By Ale Russian
August 19, 2019 at 10:04 AM EDT
JAKE GILES NETTER/Warner Bros.

Michael B. Jordan’s next role might just be his most emotional one yet.

The Creed actor, 32, plays Harvard-educated lawyer Bryan Stevenson for his next movie, Just Mercy. The drama follows the real-life story of Stevenson, who went to Alabama to help defend those who are wrongly condemned in the racially-charged state.

One of those men is Jamie Foxx’s Walter McMillian, a pulpwood worker sentenced to death for capital murder despite evidence proving his innocence.

“What appealed most was being able to share Bryan’s inspiring story and shed light on those affected by the inequities and implications of our current criminal justice system,” Jordan tells PEOPLE about why he was so drawn to the project. “It’s easy to ignore statistics; it’s harder when you put a human face to it. I hope that giving more context to something that’s been happening for such a long time and understanding that it’s still happening will give people a sense of appreciation for the freedom that we have, but also motivate them to demand answers for the injustices that are continually happening today.”

The movie is based on Stevenson’s 2014 book Just Mercy: A Story of Justice and Redemption.

In playing a Stevenson, Jordan was focused on getting “his essence right — measured, compassionate, optimistic, courageous.” “He was extremely generous with his time and has been a guiding light, every step of the way,” he says.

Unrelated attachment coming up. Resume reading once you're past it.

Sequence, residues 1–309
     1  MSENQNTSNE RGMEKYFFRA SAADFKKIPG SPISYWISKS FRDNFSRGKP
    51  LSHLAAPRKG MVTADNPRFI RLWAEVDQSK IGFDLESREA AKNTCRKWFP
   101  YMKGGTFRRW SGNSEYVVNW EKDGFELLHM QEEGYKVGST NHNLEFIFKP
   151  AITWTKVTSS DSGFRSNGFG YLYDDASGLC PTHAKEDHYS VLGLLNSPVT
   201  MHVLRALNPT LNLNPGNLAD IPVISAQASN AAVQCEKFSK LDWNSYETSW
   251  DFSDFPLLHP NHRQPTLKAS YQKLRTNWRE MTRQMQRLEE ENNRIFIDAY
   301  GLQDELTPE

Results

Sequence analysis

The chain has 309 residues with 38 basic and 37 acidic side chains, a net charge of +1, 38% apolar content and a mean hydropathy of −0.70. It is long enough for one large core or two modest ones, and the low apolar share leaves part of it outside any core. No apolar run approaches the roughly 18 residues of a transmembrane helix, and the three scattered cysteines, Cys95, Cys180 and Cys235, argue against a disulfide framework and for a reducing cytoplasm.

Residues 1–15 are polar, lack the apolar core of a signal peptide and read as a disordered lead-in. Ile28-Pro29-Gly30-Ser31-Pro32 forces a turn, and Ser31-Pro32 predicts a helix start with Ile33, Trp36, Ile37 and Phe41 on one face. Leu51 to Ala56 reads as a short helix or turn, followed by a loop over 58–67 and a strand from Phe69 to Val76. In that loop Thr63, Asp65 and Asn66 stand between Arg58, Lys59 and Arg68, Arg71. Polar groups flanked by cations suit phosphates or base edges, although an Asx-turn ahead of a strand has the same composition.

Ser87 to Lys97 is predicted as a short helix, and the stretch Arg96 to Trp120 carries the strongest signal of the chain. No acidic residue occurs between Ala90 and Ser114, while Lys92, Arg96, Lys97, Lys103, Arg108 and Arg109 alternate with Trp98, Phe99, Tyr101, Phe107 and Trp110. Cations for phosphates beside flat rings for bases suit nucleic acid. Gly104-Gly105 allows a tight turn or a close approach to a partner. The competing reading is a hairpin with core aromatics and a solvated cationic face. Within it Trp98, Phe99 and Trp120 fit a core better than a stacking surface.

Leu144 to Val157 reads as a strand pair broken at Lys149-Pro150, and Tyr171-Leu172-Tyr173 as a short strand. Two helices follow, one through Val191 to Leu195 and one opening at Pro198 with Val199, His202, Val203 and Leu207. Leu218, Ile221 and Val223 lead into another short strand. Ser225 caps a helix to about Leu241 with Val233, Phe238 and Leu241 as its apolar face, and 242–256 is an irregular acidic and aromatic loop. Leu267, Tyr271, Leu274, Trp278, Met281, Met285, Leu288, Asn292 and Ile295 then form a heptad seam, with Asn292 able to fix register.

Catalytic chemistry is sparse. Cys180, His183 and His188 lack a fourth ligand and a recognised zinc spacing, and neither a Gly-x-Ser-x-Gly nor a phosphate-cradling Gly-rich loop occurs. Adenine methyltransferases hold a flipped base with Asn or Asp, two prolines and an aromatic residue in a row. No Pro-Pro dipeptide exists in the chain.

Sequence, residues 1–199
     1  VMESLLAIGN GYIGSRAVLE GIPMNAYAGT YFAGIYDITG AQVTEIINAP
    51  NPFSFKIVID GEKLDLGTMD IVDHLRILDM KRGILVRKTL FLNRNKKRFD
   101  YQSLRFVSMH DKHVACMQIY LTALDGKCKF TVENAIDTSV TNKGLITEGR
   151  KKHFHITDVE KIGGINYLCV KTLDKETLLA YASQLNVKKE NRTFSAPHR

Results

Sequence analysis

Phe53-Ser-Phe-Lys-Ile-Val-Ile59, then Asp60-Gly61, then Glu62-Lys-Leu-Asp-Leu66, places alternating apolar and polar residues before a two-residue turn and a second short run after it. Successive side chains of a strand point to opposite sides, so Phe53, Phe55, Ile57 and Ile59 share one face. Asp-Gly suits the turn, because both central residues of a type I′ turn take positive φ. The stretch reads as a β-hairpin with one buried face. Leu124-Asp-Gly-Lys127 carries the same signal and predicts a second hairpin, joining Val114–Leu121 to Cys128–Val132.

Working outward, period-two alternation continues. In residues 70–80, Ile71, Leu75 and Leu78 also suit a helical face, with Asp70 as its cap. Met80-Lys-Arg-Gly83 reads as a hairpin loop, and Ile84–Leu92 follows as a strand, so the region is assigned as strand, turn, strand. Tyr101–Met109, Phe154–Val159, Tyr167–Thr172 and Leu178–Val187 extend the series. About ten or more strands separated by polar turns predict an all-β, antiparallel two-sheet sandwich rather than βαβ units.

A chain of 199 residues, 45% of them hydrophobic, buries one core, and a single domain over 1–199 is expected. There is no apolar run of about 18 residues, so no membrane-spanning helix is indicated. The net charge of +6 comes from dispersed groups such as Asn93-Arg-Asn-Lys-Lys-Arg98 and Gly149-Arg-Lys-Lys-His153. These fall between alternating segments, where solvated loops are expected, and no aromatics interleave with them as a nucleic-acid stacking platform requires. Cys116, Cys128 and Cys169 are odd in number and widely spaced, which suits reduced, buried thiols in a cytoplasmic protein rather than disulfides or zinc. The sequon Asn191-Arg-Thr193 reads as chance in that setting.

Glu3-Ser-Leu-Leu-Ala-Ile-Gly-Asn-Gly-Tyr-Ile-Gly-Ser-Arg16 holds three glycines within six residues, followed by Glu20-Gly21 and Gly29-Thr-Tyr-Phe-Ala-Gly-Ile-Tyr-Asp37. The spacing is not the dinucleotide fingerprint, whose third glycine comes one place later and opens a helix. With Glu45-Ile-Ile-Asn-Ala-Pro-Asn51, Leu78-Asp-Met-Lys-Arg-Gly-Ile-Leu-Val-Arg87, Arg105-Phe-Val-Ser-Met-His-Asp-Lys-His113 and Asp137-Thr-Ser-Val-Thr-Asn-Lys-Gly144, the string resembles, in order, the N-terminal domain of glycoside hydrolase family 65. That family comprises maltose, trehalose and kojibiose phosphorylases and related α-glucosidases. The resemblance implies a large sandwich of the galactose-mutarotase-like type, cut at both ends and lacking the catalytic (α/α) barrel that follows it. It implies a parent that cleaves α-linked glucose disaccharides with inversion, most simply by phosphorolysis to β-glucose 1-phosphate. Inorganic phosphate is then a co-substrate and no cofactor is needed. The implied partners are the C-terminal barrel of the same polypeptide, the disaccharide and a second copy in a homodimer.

“When I speak about Bryan, it’s hard to find words that are worthy enough. It goes without saying that he is intelligent and passionate with a huge heart. But it also took tremendous courage to take on this fight. He is a true hero,” he continues.

The project recalls Jordan’s breakout film, Fruitvale Station (2013), which also told a true powerful story meant to effect change.

“We’re only on this earth for a short amount of time, so how one can make an impact, and how that impact can continue to affect people’s lives in a positive way—and inspire future generations—is, at the end of the day, really important to me,” Jordan explains of how he navigates his career. “It’s what I’m trying to do with my body of work. I personally feel it would be something of a waste if I didn’t maximize this opportunity to do something with my life to make it count.”

Just Mercy also stars Brie Larson, the operations director of the Equal Justice Initiative, and O’Shea Jackson Jr. as Anthony Ray Hinton, another black man who was wrongly convicted of murder in Alabama.

The drama will premiere at the Toronto International Film Festival in September. It opens Dec. 25, 2019.

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